The constituent group was initially made up of delegates from Portugal, Spain, France, Greece (plus Cyprus) and Israel with Italy as coordinator. At the beginning of 2019 the delegates of Slovenia, Croatia and Turkey joined, completing the number of Mediterranean countries of IFLA Europe. Now the Mediterranean countries of IFLA Middle East and IFLA Africa or on board as well.
IFLA Africa is the custodian of two significant initiatives. The African Landscape Network (ALN) (https://bit.ly/ALNstorymap) and the African Journal of Landscape Architecture (AJLA) (https://www.ajlajournal.org/). I'll briefly discuss the ALN in this month's note and the AJLA in our March issue.
Image Source: Marike Franklin
The AFRICAN LANDSCAPE NETWORK is an online map-based interface that features a landscape-focused network of individuals and projects across the African continent. It is a joint project running with the support from the IFLA-ICOMOS Committee on Cultural Landscapes. The seed project, i.e., developing and populating a website, was financed through the UNESCO 2020 – 2021 Participation Programme. A grant of $14,000.00 was awarded to IFLA Africa (through IFLA) for the project, which is supported by the South African, Mozambican and Kenyan UNESCO Offices. In its conceptual development, a Core Team of landscape architects from South Africa and Morocco and their Advisory Panel plotted and planned the project. The panel comprised landscape architects, architects, archaeologists, and professionals in the tourism sector from South Africa, Nigeria, Kenya, Zimbabwe, Ethiopia, Uganda, Eritrea, and Zambia.
To ALN project was launched at the 7th IFLA African Symposium: Health and Vitality, in association with the Urban Design Institute of South Africa (UDISA) and the Institute of Landscape Architects of South Africa (ILASA) in October 2021. A promotional video was shown at the conference and can be accessed HERE.
To date 36 individuals and 26 projects have been uploaded to the ALN site. The project description forms were designed to illustrate how each project has responded to the principles contained in the UNDP Sustainable Development Goals (SDGs). The site becomes a vital resource to access landscape-based projects that have aspired to balance social, economic and environmental sustainability.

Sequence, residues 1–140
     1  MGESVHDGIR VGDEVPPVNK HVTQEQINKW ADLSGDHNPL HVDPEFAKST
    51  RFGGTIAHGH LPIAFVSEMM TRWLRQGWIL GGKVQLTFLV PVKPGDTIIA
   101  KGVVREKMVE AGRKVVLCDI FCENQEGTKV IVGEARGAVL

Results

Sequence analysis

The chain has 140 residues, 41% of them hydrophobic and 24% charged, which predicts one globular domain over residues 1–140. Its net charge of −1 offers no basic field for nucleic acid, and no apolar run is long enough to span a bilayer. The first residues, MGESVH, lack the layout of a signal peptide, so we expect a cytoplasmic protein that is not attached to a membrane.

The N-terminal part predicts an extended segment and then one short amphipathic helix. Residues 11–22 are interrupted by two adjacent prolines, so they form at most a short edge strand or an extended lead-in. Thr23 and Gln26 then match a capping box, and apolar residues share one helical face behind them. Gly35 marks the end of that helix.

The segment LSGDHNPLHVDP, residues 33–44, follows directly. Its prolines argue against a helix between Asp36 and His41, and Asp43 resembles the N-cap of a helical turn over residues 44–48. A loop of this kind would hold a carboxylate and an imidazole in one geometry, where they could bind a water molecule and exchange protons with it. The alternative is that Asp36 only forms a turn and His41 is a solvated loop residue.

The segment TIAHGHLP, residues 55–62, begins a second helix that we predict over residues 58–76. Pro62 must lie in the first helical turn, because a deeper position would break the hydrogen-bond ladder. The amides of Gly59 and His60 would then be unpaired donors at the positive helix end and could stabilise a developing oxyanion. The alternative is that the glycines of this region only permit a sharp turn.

To meet the ALN’s primary objective of fostering collaboration, communication, and sharing of best practices related to the landscape, we urge fellow professionals from across the continent to upload their details and projects completed in Africa.
Until next time …!
Graham A. Young PrLArch
18 February 2022
The African Landscape Network (ALN) :Project spotlight
In this edition of the ALN project spotlight, we feature
ANANTARA TOZEUR RESORT - TUNISIA
by Moez GUEDDAS, CEO Agora Architects and Nizar SAYARI, Senior Landscape Consultant
Anantara Tozeur Resort is a new luxury escape (opened in 2019) on a 123ha site in the southwest of Tunisia. It is located on the outskirts of the city of Tozeur, a hub of Tunisia’s Saharan tourism known for its brick architecture and vast palm groves.
Taking inspiration from the oasis villages that surround it, Anantara Tozeur Resort rises up out of the shimmering desert as a contemporary retreat amongst lush palm trees and meandering swimming pools. Located on the edge of the formidable Sahara, the resort provides the perfect base from which to explore the desert.
The landscape design was inspired by natural, typical and local landscapes for which the region of Tozeur is well known, applying a methodology that advocates sustainability. The design approach took as a departure point the principle that sustainable landscape design is the best way to combine aesthetic and psychological advantages while tapping into the enormous ecological and functional potential of living systems.
Submitted on behalf of the project team by Nizar Sayari, member of TALAE (Tunisian Association of Landscape Architects and Engineers), this project is focused on the ALN principles that understand that landscape shapes culture and identity at both a local and regional scale and recognises the importance of good quality sustainable landscape planning, design and management to ensure the ecological health, economic viability, social vitality and cultural expression of communities. In addition, the project aligns with the principle of creating well-designed, economically sound and resilient landscapes that sustain, enhance and revitalise physical, emotional, spiritual and cultural wellbeing.
You can read more about the project on the ALN website.
Every month we will be featuring projects selected from the ALN website; we encourage readers to submit their profiles and projects on the online map platform and to share with their networks. Beyond the aims of adoption of the African Landscape Convention and documenting landscape projects across Africa, the ALN also has the added benefit of increasing your visibility on an international scale. Also, for educators, this online map has the advantage of presenting a show and tell of real-life projects that address environmental issues in the African context.
Disclaimer: Views and opinions expressed in the IFLA Africa Newsletter are those of the author(s).
Publication of an article does not indicate that the Editorial Staff accept responsibility for it.
Authors should appropriately cite or quote all sources of data, images and graphics used in their articles.